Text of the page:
blog_dentistpic“UH-OH”, Need Emergency Relief

It’s 9 o’clock on a Sunday night and your front tooth is in the palm of your hand. You just bit into an apple and now have only half a tooth. Do not panic. The following information will help you temporarily handle common dental emergencies. Call the office on 604-987-4321 as soon as possible to schedule an appointment.

Do you have a Broken or Chipped Tooth?

woman_toothachefadePlace soft wax onto the chipped area as this will avoid further aggravating the damaged tooth. Eat only soft foods and avoid hot and cold drinks. If possible, collect all pieces of the tooth to bring to your dentist.

Do you have a Knocked-Out Tooth?

If you can, place the tooth back in place while on your way to see the dentist. If this is not possible put the tooth in milk or saline in order to keep the root moist and protect against bacteria. If bleeding, rinse with water and bite down on a piece of gauze.

Do you have an Ulcer, Canker or Mouth Sores?

While uncomfortable these sores tend to heal on their own. To ease discomfort, apply an over-the-counter medicine like Oracort. Knowing what triggers canker sores for you (i.e. stress, spicy foods) can reduce the frequency of sore outbreaks. If the sores do not heal after 14 days, are accompanied by a fever or appear to be infected call your dentist.

Do you have a Toothache?

An over-the-counter pain medication can help to relieve pain. Toothaches are often a sign of infection in or around a tooth and must be checked by a dentist.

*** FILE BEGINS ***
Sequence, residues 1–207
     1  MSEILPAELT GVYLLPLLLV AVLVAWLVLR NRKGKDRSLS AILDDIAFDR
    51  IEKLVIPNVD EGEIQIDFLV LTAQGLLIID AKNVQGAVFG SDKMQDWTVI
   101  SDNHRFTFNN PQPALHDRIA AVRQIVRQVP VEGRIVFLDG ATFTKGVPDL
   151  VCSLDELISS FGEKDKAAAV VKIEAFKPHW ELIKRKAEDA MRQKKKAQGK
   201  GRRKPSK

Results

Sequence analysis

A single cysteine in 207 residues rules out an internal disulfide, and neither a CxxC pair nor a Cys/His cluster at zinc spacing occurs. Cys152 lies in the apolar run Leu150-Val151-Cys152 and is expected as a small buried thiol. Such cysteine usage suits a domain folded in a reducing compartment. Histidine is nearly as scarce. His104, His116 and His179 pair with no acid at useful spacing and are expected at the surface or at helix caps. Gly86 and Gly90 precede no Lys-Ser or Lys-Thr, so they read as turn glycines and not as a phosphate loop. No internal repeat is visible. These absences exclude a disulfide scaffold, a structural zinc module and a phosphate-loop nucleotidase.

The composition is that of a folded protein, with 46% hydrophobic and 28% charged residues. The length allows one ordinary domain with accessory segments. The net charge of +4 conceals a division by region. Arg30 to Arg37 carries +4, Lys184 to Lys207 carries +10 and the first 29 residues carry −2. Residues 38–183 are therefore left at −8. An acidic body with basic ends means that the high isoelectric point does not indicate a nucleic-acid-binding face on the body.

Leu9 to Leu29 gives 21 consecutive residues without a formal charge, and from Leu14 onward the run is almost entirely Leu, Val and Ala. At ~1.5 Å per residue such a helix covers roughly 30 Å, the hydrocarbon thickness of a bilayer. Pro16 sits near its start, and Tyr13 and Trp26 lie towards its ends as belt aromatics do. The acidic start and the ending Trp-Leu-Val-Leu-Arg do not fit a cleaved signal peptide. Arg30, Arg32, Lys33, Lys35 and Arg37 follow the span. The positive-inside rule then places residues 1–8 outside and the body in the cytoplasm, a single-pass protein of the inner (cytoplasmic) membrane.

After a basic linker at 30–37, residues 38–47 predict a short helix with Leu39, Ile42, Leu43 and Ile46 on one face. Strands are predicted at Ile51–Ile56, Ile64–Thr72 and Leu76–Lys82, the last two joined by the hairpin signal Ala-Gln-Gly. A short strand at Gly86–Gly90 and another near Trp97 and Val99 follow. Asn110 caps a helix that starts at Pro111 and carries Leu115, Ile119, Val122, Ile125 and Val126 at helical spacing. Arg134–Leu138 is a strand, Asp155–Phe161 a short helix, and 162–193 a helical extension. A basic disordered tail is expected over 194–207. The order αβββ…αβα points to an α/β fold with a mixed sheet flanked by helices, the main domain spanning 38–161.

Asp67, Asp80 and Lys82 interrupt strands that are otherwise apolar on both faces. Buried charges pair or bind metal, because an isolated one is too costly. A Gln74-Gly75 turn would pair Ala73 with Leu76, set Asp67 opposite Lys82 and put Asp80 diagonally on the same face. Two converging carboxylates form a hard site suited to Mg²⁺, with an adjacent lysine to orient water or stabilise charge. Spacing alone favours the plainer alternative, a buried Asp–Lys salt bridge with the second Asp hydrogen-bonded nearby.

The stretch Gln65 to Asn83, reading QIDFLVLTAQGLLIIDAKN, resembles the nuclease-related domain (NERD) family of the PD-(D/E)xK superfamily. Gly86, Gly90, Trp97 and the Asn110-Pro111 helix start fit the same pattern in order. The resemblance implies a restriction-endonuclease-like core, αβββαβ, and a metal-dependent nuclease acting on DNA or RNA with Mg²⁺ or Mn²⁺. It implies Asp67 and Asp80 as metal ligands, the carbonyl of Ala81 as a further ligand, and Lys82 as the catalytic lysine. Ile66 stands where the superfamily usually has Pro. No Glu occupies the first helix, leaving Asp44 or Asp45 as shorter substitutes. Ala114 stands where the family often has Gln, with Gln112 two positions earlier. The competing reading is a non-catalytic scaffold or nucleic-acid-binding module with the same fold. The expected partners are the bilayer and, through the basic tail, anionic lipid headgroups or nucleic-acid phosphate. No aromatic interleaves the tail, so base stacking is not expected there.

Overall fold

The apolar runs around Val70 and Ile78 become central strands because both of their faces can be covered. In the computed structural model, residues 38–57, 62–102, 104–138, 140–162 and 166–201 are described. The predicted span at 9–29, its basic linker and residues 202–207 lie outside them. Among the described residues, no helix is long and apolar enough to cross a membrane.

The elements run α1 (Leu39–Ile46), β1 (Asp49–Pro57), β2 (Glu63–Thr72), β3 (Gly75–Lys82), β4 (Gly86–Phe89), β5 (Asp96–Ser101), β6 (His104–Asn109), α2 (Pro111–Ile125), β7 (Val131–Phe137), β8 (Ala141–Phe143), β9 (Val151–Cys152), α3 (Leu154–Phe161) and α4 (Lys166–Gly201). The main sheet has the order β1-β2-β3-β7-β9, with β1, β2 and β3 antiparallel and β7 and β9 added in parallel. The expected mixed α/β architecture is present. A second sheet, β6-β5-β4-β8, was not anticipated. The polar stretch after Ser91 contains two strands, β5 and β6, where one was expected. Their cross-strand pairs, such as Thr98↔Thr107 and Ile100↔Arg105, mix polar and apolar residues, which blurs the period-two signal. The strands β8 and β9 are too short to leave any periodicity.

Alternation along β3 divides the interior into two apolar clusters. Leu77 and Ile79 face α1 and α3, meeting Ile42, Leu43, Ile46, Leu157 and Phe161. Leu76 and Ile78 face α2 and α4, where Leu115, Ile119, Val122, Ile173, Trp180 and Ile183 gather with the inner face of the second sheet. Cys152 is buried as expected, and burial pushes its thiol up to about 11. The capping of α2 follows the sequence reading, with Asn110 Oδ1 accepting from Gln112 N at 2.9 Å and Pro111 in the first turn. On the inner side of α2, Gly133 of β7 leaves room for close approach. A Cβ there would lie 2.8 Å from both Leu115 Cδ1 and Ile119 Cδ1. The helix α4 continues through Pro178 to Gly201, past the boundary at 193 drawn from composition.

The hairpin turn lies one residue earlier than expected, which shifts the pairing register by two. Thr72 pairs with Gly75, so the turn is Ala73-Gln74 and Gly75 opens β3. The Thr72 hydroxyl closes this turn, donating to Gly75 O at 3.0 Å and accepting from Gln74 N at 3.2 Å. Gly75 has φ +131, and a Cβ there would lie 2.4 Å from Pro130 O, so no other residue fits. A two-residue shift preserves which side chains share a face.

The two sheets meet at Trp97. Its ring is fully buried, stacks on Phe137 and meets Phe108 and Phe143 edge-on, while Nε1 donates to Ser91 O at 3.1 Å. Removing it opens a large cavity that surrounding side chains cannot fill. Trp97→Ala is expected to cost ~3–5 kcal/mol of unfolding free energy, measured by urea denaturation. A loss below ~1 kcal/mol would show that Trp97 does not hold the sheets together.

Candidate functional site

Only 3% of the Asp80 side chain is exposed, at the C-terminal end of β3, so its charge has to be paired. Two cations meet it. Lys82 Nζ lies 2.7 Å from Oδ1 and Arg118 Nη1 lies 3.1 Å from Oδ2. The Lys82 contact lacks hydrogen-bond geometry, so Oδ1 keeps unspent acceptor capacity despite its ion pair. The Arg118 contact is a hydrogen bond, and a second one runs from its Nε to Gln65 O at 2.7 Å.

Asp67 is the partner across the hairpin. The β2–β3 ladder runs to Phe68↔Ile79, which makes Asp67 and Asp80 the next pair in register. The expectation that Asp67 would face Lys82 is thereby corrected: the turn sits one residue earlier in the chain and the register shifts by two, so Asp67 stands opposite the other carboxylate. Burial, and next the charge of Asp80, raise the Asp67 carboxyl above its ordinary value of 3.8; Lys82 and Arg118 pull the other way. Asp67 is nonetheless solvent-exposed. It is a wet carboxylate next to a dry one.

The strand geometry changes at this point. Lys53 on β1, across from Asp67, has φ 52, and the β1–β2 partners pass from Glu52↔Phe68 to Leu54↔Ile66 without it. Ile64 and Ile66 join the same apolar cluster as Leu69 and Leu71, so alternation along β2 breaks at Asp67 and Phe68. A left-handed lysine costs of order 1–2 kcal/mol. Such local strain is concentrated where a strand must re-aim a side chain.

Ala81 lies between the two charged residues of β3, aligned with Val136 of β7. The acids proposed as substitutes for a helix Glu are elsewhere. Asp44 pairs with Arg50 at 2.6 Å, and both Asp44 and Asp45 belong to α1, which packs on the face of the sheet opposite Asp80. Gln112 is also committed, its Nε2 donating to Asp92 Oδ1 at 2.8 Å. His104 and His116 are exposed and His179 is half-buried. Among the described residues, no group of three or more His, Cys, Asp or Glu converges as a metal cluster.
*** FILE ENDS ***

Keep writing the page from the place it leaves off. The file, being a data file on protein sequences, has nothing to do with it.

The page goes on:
Post Surgery Oral Care

So you just had an oral surgery procedure and are now left wondering what to do next. Below are instructions for patients to follow after they have undergone oral surgery. Stitches, if required, are removed without discomfort in about a week. An appointment will be made for you. Do not hesitate to call the office if in doubt.

emergencyThe Dos: After the procedure and before the anesthesia wears off, take an over-the-counter pain reliever as directed by your dentist.

Bite on a water moistened gauze pad until bleeding lessens (approx. 20-30 minutes). If bleeding persists, place a new moistened pad over the area.

If you change the pad too often, bleeding may be prolonged.

It is normal for the saliva to be streaked with blood for the first day..

The gauze may be substituted by a tea bag. The tannic acid in tea has a clotting effect.

Swelling and discoloration is to be expected in certain areas, usually reaching its maximum three days after surgery.

To reduce swelling, place an icepack on the cheek area (15 minutes on and 15 minutes off) for the first day.

After 24 hours rinse frequently (after meals and before bed) with warm salt water (1/2 tsp. salt to 1 cup water).

Diet: Cold or lukewarm liquids may be taken for the first four to six hours. Eat only soft foods (i.e. milk, pureed vegetables, cream soups, yogurt, applesauce, pasta, eggs) when you can chew without difficulty. Sleep with head elevated.

The Don’ts: No smoking for 24-48 hours after the procedure.

Do not drink with a straw for the first day. This creates suction and may loosen the blood clot.

Do not rinse your mouth or brush the area until a day after the surgery (24 hours).

Do not disturb the treated area with your tongue, fingers or toothbrush and avoid chewing with that side.

Do not eat or drink until the anesthesia has worn off.